This policy recommendation is in line with the social work code of ethics because it puts dignity and worth of the person at the front of our attention. The policy recognizes ex-prisoners as human beings like the rest of us, and reminds us we have an obligation to help in the reintegration process once the debt to society is paid. It focuses on social (in)justice, taking into account not only ex-prisoners, but the families and communities they come from which are also impacted. In short, it adds some humanity and hope to a complex problem with no easy answers.
Social workers will need to know the laws and policies surrounding prisoners, their status, and effective reintegration methods. They will need to understand the gravity of the situation and realize they are not only working with ex-prisoners and their families but entire communities, some of which have been completely decimated by our record-breaking frequency of incarceration (Loeffler, 2013). The primary reason social workers will be at the forefront of issues surrounding prisoners is their sheer numbers – the justice system itself doesn’t work to advocate but to punish, and even when parole and probation officers have the best interests of their clients at heart, they don’t have necessary skills like brokering, examining systemic causes of oppression and potential solutions, mental health awareness and treatment, and environmental factors contributing to a person’s path toward prison. In short, the justice system as it stands needs the heart of a social worker.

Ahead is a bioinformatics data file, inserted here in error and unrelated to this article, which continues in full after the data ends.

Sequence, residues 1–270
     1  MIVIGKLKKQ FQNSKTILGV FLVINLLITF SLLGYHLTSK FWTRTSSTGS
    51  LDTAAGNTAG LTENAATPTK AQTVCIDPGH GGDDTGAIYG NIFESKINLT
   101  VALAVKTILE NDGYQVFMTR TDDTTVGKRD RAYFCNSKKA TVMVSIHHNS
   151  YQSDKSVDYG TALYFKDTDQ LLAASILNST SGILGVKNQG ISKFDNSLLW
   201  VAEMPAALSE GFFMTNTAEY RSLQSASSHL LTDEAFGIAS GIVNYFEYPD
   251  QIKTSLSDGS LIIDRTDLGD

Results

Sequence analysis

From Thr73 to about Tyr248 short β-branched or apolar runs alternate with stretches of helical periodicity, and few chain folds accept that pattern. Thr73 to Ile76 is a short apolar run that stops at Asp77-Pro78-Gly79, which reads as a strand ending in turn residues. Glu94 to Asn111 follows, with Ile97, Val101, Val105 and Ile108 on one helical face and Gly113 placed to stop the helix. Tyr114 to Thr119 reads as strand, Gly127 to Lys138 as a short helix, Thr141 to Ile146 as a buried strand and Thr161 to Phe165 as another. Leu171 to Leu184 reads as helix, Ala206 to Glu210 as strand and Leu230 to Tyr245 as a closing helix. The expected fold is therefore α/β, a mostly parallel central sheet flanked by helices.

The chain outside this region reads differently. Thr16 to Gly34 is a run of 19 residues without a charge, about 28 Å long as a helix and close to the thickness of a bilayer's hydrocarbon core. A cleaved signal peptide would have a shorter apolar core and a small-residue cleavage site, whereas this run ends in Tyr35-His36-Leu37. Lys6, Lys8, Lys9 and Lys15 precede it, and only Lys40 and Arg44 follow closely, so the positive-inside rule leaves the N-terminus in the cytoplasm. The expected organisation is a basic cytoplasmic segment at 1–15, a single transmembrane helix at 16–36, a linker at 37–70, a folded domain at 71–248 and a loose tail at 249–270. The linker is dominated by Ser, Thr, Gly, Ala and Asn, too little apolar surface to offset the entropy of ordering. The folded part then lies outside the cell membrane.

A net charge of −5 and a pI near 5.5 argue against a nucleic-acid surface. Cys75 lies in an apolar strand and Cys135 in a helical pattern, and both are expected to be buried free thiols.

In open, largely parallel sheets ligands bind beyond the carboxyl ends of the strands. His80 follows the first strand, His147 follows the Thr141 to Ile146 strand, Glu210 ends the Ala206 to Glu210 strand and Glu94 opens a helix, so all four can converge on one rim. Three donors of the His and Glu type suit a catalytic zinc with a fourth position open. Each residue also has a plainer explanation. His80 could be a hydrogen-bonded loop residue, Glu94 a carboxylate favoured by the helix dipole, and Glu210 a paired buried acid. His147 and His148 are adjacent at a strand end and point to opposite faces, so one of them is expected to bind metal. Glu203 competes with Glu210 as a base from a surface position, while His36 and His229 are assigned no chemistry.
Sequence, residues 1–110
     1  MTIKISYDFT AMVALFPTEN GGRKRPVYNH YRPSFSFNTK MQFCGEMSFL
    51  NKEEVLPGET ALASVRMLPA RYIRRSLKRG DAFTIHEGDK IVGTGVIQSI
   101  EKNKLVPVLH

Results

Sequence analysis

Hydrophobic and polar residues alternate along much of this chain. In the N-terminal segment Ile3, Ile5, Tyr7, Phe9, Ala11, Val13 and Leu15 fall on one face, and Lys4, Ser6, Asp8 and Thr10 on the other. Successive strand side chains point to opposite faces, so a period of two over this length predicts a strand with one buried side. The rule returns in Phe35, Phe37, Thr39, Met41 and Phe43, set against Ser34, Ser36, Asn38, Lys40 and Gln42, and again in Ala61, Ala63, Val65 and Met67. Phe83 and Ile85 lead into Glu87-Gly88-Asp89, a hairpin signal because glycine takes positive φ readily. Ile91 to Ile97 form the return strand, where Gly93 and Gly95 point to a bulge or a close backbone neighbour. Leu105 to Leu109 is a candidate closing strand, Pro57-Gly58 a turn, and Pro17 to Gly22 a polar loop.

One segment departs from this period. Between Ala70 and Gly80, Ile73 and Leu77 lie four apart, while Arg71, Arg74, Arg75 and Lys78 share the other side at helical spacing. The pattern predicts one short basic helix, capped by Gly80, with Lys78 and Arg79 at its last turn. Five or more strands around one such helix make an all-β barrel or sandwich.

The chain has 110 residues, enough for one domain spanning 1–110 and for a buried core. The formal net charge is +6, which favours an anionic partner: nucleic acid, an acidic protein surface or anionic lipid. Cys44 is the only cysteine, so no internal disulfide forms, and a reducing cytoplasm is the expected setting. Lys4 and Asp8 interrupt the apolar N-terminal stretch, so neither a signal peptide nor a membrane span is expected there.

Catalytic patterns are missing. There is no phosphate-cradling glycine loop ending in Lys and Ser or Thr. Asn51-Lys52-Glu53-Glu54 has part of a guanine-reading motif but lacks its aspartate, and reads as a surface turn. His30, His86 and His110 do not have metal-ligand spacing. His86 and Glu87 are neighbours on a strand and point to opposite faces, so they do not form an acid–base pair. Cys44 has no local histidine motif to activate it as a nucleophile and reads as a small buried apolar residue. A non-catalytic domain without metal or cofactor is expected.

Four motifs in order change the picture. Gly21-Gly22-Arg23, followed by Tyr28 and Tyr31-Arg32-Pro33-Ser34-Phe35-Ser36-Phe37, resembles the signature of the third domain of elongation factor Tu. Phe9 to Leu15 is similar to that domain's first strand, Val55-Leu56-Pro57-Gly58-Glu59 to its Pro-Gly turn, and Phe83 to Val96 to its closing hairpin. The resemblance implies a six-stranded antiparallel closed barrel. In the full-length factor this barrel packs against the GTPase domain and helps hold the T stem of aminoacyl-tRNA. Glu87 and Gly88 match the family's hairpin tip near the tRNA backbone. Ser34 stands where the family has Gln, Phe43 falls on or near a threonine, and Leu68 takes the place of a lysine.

Berrien, J.A. (2012). EEOC Enforcement Guidance. Retrieved from: http://www.eeoc.gov/laws/guidance/arrest_conviction.cfm
Henry, J., Jacobs, J. (2007). Ban the box to promote ex-offender employment. Criminology and
Public Policy. 6 (4), 755-762.
Loeffler, C.E. (2013). Does imprisonment alter the life course? Evidence on crime and
employment from a natural experiment. Criminology, 51, 137-166.
Nicole, D. (2011). Re: Employer’s Guide to Discrimination: Hiring and managing employees
with criminal records. [Weblog message]. Retrieved from: http://www.sba.gov/community/blogs/community-blogs/business-law-advisor/employers-guide-discrimination-hiring-and-man-0